Students in Vancouver Island University’s Child and Youth Care program have needed to employ some creative thinking during the pandemic to gain the experience they would usually get by doing practicums.

Cheryl Cameron, VIU’s Practicum Coordinator for the CYC program, and says field experience is an integral part of the program, but COVID-19 put a halt to in-person practicum opportunities.

She says the students found ways to connect with community agencies that help children, youth and families with challenges or obstacles to healthy living.

Teams consisting of five students each worked with community agencies on things that would meet the needs of the organizations and the people they support.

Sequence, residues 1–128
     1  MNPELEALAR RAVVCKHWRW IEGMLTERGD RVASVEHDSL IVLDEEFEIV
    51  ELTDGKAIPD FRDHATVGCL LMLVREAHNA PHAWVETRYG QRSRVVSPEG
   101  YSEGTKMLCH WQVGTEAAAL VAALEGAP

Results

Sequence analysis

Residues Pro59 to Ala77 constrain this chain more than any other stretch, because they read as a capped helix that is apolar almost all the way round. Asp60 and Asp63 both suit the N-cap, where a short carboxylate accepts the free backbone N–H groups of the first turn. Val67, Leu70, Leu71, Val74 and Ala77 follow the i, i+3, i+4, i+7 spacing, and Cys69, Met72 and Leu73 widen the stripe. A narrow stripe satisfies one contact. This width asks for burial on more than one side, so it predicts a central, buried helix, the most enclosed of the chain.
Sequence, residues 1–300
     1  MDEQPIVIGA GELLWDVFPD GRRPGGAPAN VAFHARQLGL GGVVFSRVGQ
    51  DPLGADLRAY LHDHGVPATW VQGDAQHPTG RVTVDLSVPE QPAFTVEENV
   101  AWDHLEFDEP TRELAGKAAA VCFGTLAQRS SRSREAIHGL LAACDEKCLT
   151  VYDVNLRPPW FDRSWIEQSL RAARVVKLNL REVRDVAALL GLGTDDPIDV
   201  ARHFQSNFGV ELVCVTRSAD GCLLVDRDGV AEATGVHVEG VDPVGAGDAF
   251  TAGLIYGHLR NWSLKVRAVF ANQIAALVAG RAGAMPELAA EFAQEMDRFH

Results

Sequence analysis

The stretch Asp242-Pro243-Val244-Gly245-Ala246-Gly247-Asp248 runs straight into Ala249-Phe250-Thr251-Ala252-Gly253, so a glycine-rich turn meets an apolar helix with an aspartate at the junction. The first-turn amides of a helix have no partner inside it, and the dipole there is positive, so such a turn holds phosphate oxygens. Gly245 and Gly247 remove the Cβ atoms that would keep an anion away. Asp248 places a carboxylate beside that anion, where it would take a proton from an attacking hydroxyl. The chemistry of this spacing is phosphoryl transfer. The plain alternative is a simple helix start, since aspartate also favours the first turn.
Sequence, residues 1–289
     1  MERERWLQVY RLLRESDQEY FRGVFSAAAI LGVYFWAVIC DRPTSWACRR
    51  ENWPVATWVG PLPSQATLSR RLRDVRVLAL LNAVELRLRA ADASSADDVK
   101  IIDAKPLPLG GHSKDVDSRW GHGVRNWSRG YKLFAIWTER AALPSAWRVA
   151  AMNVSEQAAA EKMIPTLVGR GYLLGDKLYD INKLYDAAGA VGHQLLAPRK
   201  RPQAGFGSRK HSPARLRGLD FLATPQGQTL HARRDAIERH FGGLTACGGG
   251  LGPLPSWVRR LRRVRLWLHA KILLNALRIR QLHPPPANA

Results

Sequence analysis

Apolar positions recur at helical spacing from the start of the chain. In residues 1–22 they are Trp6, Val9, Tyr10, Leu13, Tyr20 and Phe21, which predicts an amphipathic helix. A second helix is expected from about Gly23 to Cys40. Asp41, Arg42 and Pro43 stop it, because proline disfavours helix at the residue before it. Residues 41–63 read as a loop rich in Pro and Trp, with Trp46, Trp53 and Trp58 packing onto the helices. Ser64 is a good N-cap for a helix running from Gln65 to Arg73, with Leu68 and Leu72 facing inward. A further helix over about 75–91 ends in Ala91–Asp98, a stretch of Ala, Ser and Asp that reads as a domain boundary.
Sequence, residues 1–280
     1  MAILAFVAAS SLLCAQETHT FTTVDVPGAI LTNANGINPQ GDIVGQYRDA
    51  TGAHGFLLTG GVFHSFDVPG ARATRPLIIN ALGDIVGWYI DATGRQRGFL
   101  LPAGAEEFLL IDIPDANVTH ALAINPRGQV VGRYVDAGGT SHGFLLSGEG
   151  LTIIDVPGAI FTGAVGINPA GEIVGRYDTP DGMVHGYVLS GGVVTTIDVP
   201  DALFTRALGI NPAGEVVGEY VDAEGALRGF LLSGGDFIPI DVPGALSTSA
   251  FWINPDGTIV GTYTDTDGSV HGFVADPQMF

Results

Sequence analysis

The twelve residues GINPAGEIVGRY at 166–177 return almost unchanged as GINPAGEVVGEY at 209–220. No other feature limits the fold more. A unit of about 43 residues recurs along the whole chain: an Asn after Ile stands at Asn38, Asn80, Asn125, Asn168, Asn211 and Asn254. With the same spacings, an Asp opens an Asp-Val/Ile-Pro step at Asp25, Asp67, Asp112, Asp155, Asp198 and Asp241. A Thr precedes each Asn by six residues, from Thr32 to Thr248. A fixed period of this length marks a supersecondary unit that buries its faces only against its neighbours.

In one case, a youth supported by Nanaimo and Area Resource Services for Families had an interest in music.

Fourth year VIU student Alexis Comeau connected the youth with someone who was able to teach them how to create music in a studio setting.

Another student, Nathan Lowe, who has worked in child and aboriginal services agencies for the past 10 years, says having to work through the restrictions created by the pandemic broadened his connections with other agencies and his knowledge of the services they provide, and also presented the opportunity to bridge Indigenous perspectives with work experience partner NARSF.

Nanaimo and Area Resource Services for Families Program Manager Cara May says these collaborations helped program development at her organization.